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Hawaiian honeycreepers have a 90% death rate when bitten by mosquito

A male Hawaiʻi ΄ākepa
Ann Tanimoto-Johnson
Hawai΄i ΄ākepa are among the smallest of all honeycreepers. They weigh only about ten grams or third of an ounce.

The multi-agency “Birds, Not Mosquitoes” initiative traps and studies mosquitos that infect native birds with avian malaria.

"Birds, Not Mosquitoes" is in partnership with the state Department of Land and Natural Resources.

The team is currently surveying high-elevation areas between 4,000 and 6,000 feet on Hawaiʻi Island. Climate change-induced warming means mosquitoes have moved higher into areas with endangered Hawaiian honeycreepers.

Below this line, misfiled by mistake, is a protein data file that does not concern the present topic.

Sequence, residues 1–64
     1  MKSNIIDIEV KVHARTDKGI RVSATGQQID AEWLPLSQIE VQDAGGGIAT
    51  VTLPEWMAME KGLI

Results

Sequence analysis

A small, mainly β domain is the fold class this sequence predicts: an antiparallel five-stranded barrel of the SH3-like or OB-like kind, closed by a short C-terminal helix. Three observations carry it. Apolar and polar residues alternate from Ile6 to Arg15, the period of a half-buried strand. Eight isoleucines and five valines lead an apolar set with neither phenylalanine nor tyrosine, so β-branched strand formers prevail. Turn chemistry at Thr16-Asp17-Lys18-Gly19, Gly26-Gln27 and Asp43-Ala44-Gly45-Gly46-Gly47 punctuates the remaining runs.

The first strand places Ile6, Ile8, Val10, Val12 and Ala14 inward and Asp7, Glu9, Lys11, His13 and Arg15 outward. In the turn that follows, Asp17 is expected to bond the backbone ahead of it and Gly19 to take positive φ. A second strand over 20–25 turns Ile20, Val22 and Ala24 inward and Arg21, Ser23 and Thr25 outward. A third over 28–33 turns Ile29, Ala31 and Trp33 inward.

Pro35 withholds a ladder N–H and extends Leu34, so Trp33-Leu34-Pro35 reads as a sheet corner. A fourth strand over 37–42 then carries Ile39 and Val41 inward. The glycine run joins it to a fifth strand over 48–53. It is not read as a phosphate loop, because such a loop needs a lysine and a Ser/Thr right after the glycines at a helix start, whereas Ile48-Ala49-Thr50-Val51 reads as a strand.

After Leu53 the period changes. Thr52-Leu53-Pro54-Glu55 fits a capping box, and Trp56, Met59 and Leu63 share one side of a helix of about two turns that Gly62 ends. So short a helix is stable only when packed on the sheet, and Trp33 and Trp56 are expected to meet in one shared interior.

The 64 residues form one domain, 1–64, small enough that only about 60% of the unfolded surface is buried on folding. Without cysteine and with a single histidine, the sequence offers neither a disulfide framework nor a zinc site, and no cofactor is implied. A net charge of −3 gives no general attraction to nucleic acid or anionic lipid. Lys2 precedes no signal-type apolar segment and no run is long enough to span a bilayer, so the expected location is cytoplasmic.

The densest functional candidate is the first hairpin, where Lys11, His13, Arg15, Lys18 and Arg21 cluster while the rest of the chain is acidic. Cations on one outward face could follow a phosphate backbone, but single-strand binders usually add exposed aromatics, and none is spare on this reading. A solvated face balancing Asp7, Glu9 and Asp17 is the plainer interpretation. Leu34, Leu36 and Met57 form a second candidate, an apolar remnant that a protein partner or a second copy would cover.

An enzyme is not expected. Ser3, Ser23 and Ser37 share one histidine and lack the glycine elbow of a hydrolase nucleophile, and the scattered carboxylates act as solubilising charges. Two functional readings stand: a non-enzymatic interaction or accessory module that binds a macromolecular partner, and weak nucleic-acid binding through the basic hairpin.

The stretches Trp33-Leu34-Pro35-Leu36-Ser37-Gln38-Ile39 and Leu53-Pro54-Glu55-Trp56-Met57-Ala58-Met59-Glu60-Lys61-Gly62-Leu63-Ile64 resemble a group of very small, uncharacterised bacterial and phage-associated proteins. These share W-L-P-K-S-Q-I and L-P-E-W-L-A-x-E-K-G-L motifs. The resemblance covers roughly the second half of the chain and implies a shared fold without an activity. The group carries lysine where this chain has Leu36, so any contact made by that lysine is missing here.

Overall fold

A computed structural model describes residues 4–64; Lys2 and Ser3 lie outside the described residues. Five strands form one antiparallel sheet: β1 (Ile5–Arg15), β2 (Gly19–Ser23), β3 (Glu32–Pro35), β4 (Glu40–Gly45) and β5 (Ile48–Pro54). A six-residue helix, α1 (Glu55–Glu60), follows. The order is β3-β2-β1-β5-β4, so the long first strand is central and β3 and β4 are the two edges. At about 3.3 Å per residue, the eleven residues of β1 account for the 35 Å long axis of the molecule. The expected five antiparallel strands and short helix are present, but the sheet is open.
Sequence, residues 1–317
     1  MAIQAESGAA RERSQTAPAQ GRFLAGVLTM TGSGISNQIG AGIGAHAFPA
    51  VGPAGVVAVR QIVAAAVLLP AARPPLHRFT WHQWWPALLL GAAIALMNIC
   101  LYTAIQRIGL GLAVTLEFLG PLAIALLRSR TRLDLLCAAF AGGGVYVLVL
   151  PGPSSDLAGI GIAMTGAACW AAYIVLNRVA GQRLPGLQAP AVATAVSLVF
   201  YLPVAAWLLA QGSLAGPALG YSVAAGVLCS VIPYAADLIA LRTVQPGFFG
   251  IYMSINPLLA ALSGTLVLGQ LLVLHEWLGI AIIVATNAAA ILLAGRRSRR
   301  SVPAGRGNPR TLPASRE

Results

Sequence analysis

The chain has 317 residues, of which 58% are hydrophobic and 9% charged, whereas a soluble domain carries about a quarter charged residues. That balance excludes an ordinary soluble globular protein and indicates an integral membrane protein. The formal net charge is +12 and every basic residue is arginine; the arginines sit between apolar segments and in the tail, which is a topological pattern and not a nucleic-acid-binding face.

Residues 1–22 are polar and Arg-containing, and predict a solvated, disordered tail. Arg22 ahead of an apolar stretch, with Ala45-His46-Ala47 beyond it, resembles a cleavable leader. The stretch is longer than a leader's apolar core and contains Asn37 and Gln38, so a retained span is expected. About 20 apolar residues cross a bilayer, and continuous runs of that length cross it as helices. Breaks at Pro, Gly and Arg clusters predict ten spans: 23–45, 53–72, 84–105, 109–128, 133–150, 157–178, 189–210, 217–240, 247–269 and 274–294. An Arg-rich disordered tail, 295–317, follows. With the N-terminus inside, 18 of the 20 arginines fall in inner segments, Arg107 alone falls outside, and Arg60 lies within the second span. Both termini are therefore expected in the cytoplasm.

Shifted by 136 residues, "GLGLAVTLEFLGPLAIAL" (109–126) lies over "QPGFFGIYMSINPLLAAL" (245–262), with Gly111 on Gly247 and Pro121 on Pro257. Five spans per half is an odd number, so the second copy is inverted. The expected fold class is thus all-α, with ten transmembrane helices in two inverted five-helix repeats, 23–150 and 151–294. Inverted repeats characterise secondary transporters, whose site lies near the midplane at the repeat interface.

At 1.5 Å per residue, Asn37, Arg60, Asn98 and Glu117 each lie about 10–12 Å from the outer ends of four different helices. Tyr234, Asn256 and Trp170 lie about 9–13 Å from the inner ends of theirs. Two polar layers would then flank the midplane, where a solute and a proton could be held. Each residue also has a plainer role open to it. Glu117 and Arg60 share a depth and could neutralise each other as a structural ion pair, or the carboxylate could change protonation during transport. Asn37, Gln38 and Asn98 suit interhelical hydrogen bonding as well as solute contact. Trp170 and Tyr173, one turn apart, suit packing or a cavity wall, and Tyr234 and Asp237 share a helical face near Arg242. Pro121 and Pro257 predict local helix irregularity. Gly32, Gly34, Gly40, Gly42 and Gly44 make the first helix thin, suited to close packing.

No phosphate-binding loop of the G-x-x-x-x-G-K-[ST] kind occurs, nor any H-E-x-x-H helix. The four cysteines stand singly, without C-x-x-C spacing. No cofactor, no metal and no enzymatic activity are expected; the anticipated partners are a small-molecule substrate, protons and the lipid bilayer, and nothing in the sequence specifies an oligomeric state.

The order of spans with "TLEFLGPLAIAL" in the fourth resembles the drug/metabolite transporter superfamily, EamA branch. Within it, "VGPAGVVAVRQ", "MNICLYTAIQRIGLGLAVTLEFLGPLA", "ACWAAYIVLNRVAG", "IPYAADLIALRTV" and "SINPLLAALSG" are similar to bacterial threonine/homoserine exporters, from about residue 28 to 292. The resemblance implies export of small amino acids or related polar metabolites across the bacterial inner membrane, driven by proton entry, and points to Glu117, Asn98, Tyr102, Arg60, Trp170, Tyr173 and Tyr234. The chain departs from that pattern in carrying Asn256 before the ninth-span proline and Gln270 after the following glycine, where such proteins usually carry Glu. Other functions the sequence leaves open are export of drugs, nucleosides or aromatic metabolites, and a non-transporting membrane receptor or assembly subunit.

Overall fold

The collected mosquitoes are sent to Northern Arizona University or a U.S. Geological Service lab in Honolulu.

The research will help determine where to potentially use male mosquitoes that cannot mate with wild female mosquitoes to limit their population.

"The truth is, mosquitoes are not native to Hawaiʻi, and they have no role in the environment that cannot be filled by other insects and so there’s no downside to eliminating them," said avian disease research supervisor Cara Thow.

"What we are seeing now is the beginning, essentially, of potentially, very devastating effects on the native bird life. So right here in Pu‘u Maka‘ala at 4,000 feet, 30 years ago, we wouldn’t catch a single Culex mosquito, and now we're catching 40 overnight," Thow said.

Thow says Hawaiian honeycreepers have a 90% chance of death once it is bitten by a female mosquito with malaria.

Zoe Dym was a news producer at Hawaiʻi Public Radio.
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